Thank you to the Global Organization for EPA and DHA Omega-3s (GOED) for sponsoring this post! Be sure to check out their video below.
When my babies were young, we didn’t know as much was we do today about critical nutrients such as DHA and the DHA benefits for brain development.
I breast fed my babies, but I didn’t supplement my diet with added nutrients (not even vitamin D), or focus on specific nutrient-rich foods.
Then, the messages about nutrition were ones of avoidance, rather than inclusion.
Limit fish. No soft cheeses. Take a multivitamin if you don’t have a healthy diet.
I was sad to curtail my tuna fish sandwich and Brie consumption, but I did it. And as a dietitian, I certainly thought I ate well enough to forego supplements.
Jump forward into the 21st century and the nutrition messages are very different.
Messages of inclusivity prevail, and the focus on nutrients for brain, body health, and growth is stronger.
The messages related to nutrients, particularly DHA, iron, calcium and vitamin D are loud and clear: pay attention, include excellent food sources, supplement if necessary, and ensure your baby is well nourished.
From my perspective, we can still use more education, awareness and action on critical nutrients for baby in the early years.
One nutrient I want to see get more attention is docosahexaenoic acid, otherwise known as DHA.
What is DHA?
Docosahexaenoic acid (DHA) is an omega-3 polyunsaturated fatty acid found in the brain. It influences brain functioning in many ways, such as sending messages throughout the brain (called neurotransmission) and growing new connections and pathways for those messages (called neurogenesis).
DHA is also a critical nutrient in the development of baby’s vision, especially since it acts as a structural component to the retina.
But, let’s focus on the brain.
The brain is lipid rich—in other words, it’s full of fat.
Research suggests more than half of the brain is made up of fat, especially concentrated in long-chain omega-3 polyunsaturated fatty acids (PUFAs).
Of those PUFAs in the brain, DHA is the most significant fatty acid. Babies are born with stores of DHA in the brain, which accumulate in pregnancy. During early infancy, the process of rapid accumulation in the brain persists.
What are the DHA Benefits for the Brain?
The brain is divided into lobes and each lobe has specific functions. The frontal and prefrontal lobes are most influenced by DHA.
The frontal lobes of the brain are responsible for focus and attention, planning and problem solving, also known as executive functions.
The prefrontal lobe is tied to social, emotional and behavioral development.
Researchers believe that optimal levels of DHA, particularly in the frontal and prefrontal areas of the brain, are very important during the early years when the brain is rapidly growing and developing, and hence, setting the stage for future intelligence and socio-emotional development.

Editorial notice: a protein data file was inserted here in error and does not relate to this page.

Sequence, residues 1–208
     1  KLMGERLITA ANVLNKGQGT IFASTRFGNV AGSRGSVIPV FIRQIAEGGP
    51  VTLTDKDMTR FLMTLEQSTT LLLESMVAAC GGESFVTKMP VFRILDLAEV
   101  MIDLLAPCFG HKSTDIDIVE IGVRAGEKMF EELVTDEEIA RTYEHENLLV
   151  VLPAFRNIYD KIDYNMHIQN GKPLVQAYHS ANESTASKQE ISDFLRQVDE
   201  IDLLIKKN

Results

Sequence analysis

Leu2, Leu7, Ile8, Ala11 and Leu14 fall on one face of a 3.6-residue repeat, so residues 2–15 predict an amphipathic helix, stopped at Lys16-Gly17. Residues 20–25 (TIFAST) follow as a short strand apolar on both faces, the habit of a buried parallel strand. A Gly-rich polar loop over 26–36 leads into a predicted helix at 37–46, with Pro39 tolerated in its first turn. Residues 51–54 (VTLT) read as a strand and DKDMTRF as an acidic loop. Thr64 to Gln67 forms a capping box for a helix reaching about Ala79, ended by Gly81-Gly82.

DHA Benefits on Cognition
DHA is tied to the working and future intelligence of your child, or his cognition. The word cognition encompasses a wide variety of brain abilities. For example, your child’s ability to pay attention, remember what he’s learned, and his language development are a result of his cognition.
Cognition also includes problem solving, comprehension, reasoning, computation, perception, reading and speech.
As you can see, the development of cognition in the early years may directly impact your child’s current and future mental abilities, thinking and performance, future success in school –and all areas of his or her life.
Pregnancy and DHA
Babies get DHA from their mothers during pregnancy. During the second half of pregnancy, DHA is rapidly accumulated in baby’s brain. By age four, a child will have up to 4 grams of DHA stored in the brain.
Studies have shown DHA supplementation during pregnancy has positive outcomes for baby, including better social behavior, higher social development scores, more verbal intelligence, lower pre-term birth rates, and more.
Infancy and DHA
As mentioned, during infancy, your baby’s brain is growing rapidly, and he needs to get DHA from external sources. Breast milk and infant formula supplemented with DHA, are ideal.
However, breast milk will only be a rich source of DHA if the mom’s diet is rich in DHA.
In fact, studies show when moms supplemented their diet with DHA during infancy, the concentrations of DHA in breast milk increased.
Other studies have found higher levels of DHA in the tissues of breastfed babies compared to those infants fed formula.
High concentrations of DHA in breast milk have also been tied to positive outcomes for baby: better adjustment to changes in the environment, better attention scores, and better memory skills, according to a 2016 review published in Nutrients.
DHA Intake Amongst Children
The diets of children in the United States are lacking in DHA. According to the 2015 Dietary Guidelines for Americans (DGA), most infants and young toddlers aged 1-3 years are not meeting the recommended intake levels of DHA.
Many experts advise consuming preformed DHA in order to reach and maintain ideal brain concentrations and related brain functions.